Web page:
When antireflux surgery is needed to treat GERD after endoscopy

Researchers report a growing awareness of gastroesophageal reflux problems among patients who undergo endoscopic, nonsurgical treatment for esophageal achalasia, frequently requiring future surgical intervention. Peroral endoscopic myotomy (POEM) has been a treatment of choice for the past decade, but patients may develop severe heartburn and regurgitation that does not respond to medical treatment, as described in an article published in Journal of Laparoendoscopic & Advanced Surgical Techniques (JLAST).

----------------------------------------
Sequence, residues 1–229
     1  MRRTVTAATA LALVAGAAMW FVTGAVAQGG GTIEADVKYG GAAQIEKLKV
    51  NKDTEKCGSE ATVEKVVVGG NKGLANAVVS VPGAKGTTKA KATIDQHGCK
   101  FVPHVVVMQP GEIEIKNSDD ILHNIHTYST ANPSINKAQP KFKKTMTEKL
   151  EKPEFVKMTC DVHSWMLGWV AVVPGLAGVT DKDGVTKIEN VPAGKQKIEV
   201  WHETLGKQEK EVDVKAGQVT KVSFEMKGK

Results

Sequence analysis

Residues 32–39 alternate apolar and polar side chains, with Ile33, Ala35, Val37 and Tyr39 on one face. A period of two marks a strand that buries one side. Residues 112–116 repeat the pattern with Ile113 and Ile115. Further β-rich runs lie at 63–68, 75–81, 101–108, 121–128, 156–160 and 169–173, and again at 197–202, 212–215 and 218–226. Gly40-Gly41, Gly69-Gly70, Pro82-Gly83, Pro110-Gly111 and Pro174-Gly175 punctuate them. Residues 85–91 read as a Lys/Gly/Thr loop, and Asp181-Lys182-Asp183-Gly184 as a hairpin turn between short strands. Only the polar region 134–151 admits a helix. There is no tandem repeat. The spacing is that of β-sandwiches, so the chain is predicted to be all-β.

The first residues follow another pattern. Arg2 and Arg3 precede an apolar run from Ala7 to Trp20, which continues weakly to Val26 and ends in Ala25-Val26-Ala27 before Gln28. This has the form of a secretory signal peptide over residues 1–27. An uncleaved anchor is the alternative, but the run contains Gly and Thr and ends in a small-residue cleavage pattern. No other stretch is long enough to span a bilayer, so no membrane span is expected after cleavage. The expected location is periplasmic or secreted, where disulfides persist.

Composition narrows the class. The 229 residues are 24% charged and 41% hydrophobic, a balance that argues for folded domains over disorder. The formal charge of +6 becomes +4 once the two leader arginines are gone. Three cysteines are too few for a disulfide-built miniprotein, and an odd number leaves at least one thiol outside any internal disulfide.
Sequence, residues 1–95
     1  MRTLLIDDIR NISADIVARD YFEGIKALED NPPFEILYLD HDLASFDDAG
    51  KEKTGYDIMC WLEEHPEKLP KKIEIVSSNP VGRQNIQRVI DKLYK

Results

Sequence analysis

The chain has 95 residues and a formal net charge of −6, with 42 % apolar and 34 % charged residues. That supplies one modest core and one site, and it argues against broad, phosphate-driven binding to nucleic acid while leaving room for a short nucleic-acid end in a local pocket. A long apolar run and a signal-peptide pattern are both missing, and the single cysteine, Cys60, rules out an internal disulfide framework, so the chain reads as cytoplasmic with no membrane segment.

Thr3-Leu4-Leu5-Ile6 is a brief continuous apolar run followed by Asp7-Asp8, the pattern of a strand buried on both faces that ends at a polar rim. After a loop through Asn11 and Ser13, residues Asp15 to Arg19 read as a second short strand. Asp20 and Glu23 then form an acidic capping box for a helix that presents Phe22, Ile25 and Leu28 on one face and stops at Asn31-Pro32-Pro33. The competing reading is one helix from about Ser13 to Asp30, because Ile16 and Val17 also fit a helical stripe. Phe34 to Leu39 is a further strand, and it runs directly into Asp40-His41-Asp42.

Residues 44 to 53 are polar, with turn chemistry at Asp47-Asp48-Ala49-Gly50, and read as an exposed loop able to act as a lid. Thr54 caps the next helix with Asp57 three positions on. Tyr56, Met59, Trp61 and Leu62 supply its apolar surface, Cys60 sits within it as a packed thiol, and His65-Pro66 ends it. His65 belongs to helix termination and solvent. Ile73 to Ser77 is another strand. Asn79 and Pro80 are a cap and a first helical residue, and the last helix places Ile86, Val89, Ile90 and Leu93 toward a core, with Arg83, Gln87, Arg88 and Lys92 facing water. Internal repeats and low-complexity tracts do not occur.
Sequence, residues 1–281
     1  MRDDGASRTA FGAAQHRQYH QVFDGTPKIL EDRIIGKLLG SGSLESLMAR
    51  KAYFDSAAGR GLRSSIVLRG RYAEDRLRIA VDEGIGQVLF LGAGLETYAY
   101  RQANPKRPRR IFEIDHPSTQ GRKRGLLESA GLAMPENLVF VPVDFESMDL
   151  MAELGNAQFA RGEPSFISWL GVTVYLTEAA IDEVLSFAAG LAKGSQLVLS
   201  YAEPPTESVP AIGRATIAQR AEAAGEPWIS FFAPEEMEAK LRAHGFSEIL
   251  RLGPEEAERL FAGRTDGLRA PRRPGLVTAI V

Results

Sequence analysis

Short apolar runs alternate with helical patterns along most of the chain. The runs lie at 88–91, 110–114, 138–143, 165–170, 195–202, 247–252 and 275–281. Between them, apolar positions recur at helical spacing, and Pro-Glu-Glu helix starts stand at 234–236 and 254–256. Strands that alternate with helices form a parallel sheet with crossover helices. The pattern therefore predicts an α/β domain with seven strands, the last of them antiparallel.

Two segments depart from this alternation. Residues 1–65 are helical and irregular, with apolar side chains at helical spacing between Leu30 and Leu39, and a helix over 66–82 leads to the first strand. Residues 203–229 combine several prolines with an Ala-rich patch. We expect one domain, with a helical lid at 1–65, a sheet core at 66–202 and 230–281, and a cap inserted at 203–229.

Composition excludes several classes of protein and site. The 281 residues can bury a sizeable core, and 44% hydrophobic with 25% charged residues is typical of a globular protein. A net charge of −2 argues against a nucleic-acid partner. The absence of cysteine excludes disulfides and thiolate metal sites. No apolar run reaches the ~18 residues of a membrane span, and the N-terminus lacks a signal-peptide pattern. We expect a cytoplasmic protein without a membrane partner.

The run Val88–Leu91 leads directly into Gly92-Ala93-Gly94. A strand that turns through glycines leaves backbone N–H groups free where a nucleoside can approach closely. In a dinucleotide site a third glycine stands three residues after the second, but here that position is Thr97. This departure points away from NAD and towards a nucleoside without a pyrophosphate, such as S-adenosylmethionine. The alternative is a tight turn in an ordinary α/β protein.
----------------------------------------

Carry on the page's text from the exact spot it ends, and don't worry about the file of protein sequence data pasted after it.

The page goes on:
Kamil Nurczyk, MD, Timothy Farrell, MD, and Marco Patti, MD, from University of North Carolina at Chapel Hill and Medical University of Lublin (Poland) coauthored the article entitled “Antireflux Surgery for Gastroesophageal Reflux Refractory to Medical Treatment after Peroral Endoscopic Myotomy.” The authors express the concern that with POEM, one disease, achalasia (the backup of food within the esophagus) is being replaced with another, gastroesophageal reflux disease (GERD). They describe patients who experienced post-POEM reflux that was refractory to treatment with high doses of proton pump inhibitors and who required laparoscopic partial fundoplication surgery to eliminate their symptoms.

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